This website uses cookies to store information on your computer. Some of these cookies are used for visitor analysis, others are essential to making our site function properly and improve the user experience. By using this site, you consent to the placement of these cookies. Click Accept to consent and dismiss this message or Deny to leave this website. Read our Privacy Statement for more.
Test | Print Page | Contact Us | Your Cart | Sign In
The Beryl Institute Patient Experience Blog
Blog Home All Blogs

The Essence of Human Experience in the Face of COVID-19

Posted By Jason A. Wolf, PhD, CPXP, Monday, April 13, 2020

I have started almost every email, conversation, webinar or call in the last few weeks with a simple wish that you, your families and colleagues are safe and well. Each morning as I hear my two boys rustle themselves awake, I am reminded of how precious our lives are, how important the people around us remain and how every moment we have is one to appreciate for its essence and to contribute to making better with our every breath.

 

This is no different than in our shared efforts to address COVID-19 as a community, to stand with each other during this crisis and to sustain and ensure that a focus on human experience is not lost in these critical times. It was just 10 years ago to this day – April 14 – that I first stood in front of a room of people to publicly share what my dream for The Beryl Institute was. I believed the opportunity that we were called to address and the possibility I saw in our coming together was not to simply espouse certain ideas, but rather to foster connection, to ignite innovation, to catalyze connection and to elevate a conversation that has only grown at the heart of healthcare over the last decade.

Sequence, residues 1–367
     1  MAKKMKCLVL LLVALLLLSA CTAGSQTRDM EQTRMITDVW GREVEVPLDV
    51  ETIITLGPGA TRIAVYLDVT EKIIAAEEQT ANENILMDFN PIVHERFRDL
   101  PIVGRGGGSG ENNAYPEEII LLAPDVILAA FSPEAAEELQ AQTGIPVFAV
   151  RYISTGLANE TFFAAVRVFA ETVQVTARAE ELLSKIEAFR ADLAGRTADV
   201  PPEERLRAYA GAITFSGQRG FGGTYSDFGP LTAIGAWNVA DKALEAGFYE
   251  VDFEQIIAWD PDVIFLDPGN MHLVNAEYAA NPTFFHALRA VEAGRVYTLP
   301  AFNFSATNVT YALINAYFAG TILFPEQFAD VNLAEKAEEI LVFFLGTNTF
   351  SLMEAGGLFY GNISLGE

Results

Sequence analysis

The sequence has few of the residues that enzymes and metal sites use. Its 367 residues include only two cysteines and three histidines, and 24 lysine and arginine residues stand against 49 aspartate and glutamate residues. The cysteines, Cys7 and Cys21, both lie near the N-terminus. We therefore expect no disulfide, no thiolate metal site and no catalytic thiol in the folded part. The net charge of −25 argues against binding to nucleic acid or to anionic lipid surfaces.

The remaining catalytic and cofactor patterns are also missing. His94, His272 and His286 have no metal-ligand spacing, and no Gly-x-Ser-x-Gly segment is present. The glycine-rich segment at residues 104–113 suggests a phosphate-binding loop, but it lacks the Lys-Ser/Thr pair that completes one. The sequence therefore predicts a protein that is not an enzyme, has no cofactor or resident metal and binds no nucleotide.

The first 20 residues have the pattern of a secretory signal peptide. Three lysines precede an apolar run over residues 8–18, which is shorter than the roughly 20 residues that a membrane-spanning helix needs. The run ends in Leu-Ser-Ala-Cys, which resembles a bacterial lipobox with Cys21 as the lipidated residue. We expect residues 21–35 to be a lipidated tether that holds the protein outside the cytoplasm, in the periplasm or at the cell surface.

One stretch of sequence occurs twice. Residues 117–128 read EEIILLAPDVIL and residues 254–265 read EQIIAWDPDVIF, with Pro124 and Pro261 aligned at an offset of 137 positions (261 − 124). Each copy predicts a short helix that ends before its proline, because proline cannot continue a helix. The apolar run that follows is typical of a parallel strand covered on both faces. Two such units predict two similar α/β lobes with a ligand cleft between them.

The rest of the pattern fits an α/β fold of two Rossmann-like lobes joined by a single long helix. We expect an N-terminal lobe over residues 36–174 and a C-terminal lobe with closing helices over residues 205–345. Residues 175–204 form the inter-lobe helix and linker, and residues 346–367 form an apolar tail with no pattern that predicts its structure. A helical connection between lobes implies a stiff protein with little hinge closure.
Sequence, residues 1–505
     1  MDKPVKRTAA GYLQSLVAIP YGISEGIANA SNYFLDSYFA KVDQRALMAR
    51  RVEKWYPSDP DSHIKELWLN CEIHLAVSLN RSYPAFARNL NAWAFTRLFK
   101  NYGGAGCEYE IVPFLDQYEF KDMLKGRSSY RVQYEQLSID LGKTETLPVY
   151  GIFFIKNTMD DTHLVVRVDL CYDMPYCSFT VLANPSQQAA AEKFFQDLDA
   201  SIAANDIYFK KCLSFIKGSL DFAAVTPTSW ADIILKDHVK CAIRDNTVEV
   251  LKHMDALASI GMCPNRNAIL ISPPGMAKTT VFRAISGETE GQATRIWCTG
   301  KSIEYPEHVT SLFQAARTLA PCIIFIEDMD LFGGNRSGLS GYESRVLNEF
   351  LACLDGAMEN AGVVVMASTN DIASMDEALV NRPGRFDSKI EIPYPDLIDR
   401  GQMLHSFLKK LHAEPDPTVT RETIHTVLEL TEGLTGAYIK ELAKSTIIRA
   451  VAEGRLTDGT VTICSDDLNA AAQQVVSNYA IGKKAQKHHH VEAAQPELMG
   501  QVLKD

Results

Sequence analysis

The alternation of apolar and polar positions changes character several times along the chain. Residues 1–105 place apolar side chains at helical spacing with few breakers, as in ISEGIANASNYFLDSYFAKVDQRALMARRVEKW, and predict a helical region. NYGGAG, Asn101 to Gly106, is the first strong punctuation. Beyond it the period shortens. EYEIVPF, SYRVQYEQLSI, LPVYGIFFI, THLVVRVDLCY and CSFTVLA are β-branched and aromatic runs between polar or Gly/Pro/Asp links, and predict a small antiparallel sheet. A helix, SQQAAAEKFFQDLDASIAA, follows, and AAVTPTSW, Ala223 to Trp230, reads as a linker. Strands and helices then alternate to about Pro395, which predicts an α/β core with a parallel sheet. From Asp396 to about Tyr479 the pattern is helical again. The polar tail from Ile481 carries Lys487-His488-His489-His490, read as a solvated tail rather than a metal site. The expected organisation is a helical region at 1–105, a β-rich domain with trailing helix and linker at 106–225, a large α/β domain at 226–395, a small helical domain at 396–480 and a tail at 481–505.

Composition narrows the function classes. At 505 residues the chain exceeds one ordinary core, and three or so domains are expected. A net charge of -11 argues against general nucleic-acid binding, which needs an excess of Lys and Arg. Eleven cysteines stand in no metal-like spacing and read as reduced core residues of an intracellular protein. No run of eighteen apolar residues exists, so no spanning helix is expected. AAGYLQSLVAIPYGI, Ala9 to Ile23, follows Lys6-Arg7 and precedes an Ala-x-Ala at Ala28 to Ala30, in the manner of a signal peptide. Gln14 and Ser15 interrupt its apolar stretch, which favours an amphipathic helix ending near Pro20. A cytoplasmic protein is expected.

My hope for our community then is being realized now, as I called on us at the time to establish a destination for shared information and research and an incubator of new ideas and practices that positively impact the patient experience. What we have become together is much more now, as we are truly a global community of practice committed to elevating the human experience in healthcare.

 

This journey led us to this moment where we reinforce that our efforts have never been about the Institute, but rather they have been about what the Institute represents in the voices of those who are served by healthcare and those who serve in healthcare every day. That is the power of community, for the voices right now spending tireless hours to care for those in the most dire of times are doing so moved by something bigger and knowing there are so many more standing behind them with hope, with commitment, with shared purpose and with a belief that together we can and will move through this crisis.